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(MINEOLA – February 9, 2006) “Under water, moldy, leaky roofs and utter disorganization is how you would describe the conditions of the warehouse that is adjacent to the County’s Record Center,” stated newly elected County Clerk Maureen O’Connell.  Pointing to pictures of the disarray found in the building’s warehouse, the County Clerk announced that a cooperative effort led by her office, in conjunction with New York State Archives, will assist and train county departments to inventory all the records that are located in the warehouse and implement a program that will focus on bringing the records to state and county code so that they can be placed in the County’s Record Center.  “This [Center] is very important and with everyone’s cooperation it can be a valuable asset for Nassau County,” added O’Connell.

The County’s Record Center, which is housed in the former King Kullen warehouse in Westbury, has been subject to many renovations, including the move of many departments into the facility. “Currently, we are aggressively pursuing a plan to organize the records left in the warehouse before the 911 Communications System is brought into the building,” began O’Connell.  “The records contained on this side of the building are from different county departments, and are subject to legal minimum retention periods; they can only be disposed of in a proper manner. To effectuate this plan, we have designed an action plan that would clean up, organize and inventory all the records so they can be properly placed in the Records Center. Once this is accomplished, the Department of Real Estate & Planning can prepare for the proper disposal and destruction of records according to state destruction procedures,” continued the Clerk.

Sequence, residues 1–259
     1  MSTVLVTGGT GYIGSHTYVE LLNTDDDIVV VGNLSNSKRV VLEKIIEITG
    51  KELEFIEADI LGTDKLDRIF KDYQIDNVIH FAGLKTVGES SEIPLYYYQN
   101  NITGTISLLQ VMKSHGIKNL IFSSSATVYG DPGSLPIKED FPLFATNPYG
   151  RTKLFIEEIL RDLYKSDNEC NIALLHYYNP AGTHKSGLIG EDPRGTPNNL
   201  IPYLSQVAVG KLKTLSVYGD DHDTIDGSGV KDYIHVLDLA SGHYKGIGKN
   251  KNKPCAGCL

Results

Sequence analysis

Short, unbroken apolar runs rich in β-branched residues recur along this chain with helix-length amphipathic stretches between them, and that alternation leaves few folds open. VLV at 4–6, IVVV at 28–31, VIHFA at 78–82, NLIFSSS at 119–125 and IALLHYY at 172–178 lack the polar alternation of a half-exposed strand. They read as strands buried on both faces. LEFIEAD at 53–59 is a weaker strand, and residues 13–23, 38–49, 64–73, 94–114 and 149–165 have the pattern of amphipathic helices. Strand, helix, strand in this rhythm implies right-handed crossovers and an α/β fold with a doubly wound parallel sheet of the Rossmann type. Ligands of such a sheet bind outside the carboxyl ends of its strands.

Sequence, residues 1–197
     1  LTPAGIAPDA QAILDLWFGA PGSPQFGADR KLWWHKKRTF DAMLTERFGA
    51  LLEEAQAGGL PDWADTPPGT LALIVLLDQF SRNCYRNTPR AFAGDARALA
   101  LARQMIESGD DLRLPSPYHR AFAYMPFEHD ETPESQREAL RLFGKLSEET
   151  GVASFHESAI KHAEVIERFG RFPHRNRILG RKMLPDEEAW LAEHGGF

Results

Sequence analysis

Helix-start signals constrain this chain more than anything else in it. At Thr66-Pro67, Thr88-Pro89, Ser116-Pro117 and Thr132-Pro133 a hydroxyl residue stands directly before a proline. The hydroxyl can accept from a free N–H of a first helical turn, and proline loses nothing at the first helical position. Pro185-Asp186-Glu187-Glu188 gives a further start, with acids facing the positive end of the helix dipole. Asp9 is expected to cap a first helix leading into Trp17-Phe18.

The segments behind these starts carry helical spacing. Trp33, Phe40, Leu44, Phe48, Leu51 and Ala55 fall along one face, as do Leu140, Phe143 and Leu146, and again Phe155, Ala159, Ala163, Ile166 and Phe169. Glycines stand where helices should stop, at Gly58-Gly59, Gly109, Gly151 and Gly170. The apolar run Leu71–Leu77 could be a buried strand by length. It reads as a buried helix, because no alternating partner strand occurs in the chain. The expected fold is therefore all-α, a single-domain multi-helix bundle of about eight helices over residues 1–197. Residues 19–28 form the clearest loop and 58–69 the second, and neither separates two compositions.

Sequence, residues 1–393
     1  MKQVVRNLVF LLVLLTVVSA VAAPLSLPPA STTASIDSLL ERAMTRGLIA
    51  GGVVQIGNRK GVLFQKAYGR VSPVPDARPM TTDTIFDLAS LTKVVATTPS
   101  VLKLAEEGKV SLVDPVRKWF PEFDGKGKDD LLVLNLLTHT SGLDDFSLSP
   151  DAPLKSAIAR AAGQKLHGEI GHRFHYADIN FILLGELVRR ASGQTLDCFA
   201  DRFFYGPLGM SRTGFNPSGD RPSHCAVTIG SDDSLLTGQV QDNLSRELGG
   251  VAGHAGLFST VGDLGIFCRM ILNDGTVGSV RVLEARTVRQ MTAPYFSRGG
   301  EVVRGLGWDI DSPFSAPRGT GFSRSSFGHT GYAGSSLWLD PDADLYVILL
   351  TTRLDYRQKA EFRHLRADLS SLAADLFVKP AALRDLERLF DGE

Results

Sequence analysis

“Thousands of boxes are in this area and we will be meeting with representatives of each of the departments as we put into action our plan.  As a result of our initial step, we have been able to process more than 300 boxes of old records,” she added.

“The function of the County Records Center is to receive, store and retrieve inactive records for all County Departments; this is in addition to County Clerk records, which are retrieved on a daily basis,” stated the Clerk. “After reviewing the records management program in Nassau County and the records stored, I can appreciate the significance of maintaining and preserving records that not only document the functioning of County government, but also preserves vital county records that dates back to the 1890’s,” concluded O’Connell.